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Hollywood strings, Symphobia, LA scoring strings... We can go on forever. EWQL Hollywood strings have made it up the food chain being the "top dog" in the industry of VST's. Why is this? Is it primarily sample recording? Or can it be the control of velocity at your fingertips? What are some opinions of the best! 

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I'm seriously thinking of purchasing the just released Spitfire Mural library [mentioned above]. I particularly like the manufacturer's description:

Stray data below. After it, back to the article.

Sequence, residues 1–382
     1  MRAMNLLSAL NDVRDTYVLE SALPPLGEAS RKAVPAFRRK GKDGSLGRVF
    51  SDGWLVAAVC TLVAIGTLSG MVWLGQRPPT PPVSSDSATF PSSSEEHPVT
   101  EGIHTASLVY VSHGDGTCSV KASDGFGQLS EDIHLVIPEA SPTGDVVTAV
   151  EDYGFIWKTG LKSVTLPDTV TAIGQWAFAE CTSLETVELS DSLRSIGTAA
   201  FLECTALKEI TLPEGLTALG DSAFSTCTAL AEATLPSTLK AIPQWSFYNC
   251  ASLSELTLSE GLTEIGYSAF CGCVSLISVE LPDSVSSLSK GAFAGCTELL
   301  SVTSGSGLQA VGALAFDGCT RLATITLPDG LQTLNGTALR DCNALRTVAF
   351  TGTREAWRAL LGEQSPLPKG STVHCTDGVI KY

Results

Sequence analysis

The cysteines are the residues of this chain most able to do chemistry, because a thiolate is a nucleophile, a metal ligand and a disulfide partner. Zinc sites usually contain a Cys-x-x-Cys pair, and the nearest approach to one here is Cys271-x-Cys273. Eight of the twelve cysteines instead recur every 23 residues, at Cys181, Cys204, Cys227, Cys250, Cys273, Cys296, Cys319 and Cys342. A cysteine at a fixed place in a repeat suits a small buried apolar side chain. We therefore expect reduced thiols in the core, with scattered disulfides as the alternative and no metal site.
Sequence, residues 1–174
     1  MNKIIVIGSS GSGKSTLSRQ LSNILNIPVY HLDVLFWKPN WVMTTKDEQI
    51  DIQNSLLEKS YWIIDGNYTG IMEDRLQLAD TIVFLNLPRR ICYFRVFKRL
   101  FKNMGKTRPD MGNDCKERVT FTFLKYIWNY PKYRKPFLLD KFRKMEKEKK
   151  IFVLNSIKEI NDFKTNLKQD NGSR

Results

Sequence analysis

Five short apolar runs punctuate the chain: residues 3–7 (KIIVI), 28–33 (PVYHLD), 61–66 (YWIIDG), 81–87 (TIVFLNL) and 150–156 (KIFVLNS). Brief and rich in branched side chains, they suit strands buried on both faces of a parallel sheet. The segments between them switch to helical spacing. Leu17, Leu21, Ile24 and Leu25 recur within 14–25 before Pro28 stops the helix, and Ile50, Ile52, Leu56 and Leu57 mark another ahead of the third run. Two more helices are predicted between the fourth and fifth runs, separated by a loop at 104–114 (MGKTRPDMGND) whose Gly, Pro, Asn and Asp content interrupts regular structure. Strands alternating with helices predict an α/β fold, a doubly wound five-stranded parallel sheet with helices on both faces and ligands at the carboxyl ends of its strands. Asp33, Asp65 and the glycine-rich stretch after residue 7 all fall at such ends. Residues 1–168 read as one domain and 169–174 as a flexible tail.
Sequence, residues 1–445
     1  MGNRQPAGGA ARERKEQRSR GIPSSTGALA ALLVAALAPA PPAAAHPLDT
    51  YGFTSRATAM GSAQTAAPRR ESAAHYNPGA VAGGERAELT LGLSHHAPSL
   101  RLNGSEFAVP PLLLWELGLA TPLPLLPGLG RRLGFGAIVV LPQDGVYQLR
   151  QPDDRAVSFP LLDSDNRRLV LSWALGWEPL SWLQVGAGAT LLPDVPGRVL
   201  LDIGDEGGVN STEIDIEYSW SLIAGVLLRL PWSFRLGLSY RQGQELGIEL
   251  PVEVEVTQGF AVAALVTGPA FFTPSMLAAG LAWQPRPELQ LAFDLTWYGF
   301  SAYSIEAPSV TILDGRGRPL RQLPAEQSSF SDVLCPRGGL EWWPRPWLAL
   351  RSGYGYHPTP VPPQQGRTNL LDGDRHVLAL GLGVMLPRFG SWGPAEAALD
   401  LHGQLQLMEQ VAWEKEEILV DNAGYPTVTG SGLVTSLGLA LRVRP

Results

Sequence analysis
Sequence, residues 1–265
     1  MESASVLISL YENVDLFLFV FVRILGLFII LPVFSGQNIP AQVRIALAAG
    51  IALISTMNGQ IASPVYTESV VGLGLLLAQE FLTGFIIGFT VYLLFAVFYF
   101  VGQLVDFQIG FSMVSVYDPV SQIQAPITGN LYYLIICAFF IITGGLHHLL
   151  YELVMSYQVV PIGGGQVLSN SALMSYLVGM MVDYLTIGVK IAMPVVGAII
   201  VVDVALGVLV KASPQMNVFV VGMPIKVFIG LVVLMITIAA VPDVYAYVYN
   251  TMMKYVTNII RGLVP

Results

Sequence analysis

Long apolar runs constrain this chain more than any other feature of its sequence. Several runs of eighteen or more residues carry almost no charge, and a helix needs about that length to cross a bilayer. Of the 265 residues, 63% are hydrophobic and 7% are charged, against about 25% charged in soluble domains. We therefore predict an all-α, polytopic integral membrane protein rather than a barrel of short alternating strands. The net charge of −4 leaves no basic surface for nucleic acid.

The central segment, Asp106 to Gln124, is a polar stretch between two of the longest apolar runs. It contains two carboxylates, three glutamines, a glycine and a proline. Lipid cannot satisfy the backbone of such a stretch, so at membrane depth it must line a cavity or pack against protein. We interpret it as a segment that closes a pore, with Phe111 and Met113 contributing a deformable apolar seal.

Mural offers a grand 60 piece string band (16,14,12,10,8) but is recorded and performed in such a way as to provide you with ultimate detail. It is not an epic dirgy sludge of trailer-making strings. It is pure in its detail and beauty and is designed to encourage and inspire you to write better orchestral music for your canon.

My comment: most of those other string libraries sound too instantly Hans Zimmer to me. I want to be able to come close to an honest well recorded Symphonic sound, appropriate for Brahms, etc. as well as anything else.

Anything else out there do this as well or better?

Nice to meet you too, Raymond. As you can guess I mostly use these libraries for mockups, to be replaced by real instrumentalists. But sometimes I need them for their own sake. I just went ahead and bought the Mural library - and also Spitfire's new French Horn library. I'm downloading them now. I'll let you know what I think.